Not mentioned in the spot, funded by the non-profit Consumers’ Research in Washington, DC, provoked Coca-Cola’s censure: CEO James Quincey’s harsh criticism of Georgia’s new electoral law, which was passed by Republicans this spring.

The campaign represents a new front in the aftermath of the election overhaul, which sparked countless reporting, boycott threats and uninterrupted fodder for both parties during the election campaign. While Democrats, including President Joe Biden, vilified Republicans for introducing “Jim Crow 2.0”, the GOP has rallied around the threat of the “demolition culture” and the “awakened mob”.

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In the past few months, right-wing Consumers’ Research has made a multi-million dollar push to name and shame several large corporations that recently spoke out against major conservative priorities.

Will Hild, the organization’s executive director, said his group is impartial and does not advocate any particular approach to suffrage. But it tries to send a message that companies should clean up their own actions rather than focus on “awakened” political causes.

“They have this phenomenon of companies that have real problems, they have problems with how they treat their customers, and they have decided to distract from it by getting into those problems and going down,” Hild said in an interview . “We’ll make them known.”

The group has aired television commercials targeting American Airlines who opposed the electoral law of Texas Republicans, Nike and Major League Baseball, which moved their all-star game from Cobb County in April in response to Georgia’s electoral law .

For Coca-Cola, Consumers’ Research – which refuses to disclose its donors – hired two trucks last month to drive mobile billboards around Coke’s Atlanta headquarters and the Georgia Capitol. She created a website with links to news outlets and nonprofits, including several from the left political spectrum, that have published critical reports on Coke’s business practices. And there was a second, 30-second ad that was dark in appearance and tone, similar to a campaign ad that named Quincey for attacking Georgia’s electoral law.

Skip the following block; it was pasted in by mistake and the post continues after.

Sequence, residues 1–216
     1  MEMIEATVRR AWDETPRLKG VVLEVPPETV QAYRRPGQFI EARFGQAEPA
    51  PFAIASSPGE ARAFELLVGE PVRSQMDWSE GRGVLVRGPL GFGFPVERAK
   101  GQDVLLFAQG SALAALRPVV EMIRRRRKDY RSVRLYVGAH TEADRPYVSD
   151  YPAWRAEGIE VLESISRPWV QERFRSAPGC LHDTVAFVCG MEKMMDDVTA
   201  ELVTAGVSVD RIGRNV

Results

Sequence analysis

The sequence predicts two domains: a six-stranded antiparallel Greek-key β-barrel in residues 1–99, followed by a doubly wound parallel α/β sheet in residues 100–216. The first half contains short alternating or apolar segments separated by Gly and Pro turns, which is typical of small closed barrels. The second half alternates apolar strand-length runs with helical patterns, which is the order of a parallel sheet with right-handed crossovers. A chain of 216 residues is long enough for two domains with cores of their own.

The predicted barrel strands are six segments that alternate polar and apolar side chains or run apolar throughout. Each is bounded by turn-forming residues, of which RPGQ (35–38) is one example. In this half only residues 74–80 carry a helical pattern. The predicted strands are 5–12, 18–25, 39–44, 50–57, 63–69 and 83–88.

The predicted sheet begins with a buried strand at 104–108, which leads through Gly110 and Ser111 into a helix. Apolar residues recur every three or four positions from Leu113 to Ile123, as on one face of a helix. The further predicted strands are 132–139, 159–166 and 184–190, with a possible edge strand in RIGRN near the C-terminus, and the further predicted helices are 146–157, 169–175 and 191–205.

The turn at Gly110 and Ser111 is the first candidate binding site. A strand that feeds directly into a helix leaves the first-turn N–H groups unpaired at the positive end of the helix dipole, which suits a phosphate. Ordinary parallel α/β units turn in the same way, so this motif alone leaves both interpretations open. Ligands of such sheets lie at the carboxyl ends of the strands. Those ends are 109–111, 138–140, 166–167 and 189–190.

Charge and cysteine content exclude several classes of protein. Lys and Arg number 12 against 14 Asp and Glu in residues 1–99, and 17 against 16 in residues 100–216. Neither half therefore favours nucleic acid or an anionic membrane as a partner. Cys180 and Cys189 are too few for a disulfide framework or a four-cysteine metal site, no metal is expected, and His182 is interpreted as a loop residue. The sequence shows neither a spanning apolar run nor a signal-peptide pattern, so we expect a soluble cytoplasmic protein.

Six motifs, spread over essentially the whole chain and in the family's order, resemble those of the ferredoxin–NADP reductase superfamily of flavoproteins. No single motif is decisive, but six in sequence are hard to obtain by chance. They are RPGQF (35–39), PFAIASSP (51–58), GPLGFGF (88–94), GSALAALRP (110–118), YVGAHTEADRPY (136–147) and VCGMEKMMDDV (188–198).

While Georgia and across the country have shown many ads blasting the MLB, the one from Consumers’ Research is a novelty not only to directly attack Coke, a major economic and political force in Georgia, but also to address issues how to highlight work and health that would traditionally resonate with those left of center.

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Wesley Longhofer, a professor at Emory’s Goizueta Business School who focuses on the interface between business and society, said some organizations like Greenpeace have succeeded with provocative advertisements to force big changes in businesses. They did this by compiling compelling evidence and working with companies to clean up their supply chains, he said.

“But when you’re too antagonistic it’s easy for a company to either ignore you or play defense,” he said. “It’s usually less effective than getting companies to participate in the changes you are asking for.”

For its part, Coca-Cola said it respects “the right of every individual to voice their concerns and express their views”.

“But we also believe that the best way to make progress now is for us all to come together to listen, respectfully share concerns, and work together on a path forward,” the company said in a written statement . “We remain open to productive discussions with groups who may have different views.”

Coke also defended its human rights policy, highlighting its efforts to reduce added sugar in many of its products.

Consumers’ Research traces its roots back nearly a century and says its mission is “to improve knowledge and understanding of topics, policies, products and services that matter to consumers and to promote freedom on.” to act on the basis of that knowledge and understanding “. Over the past decade, the group has made a name for itself by drafting legal briefs that aid Republican attorneys general.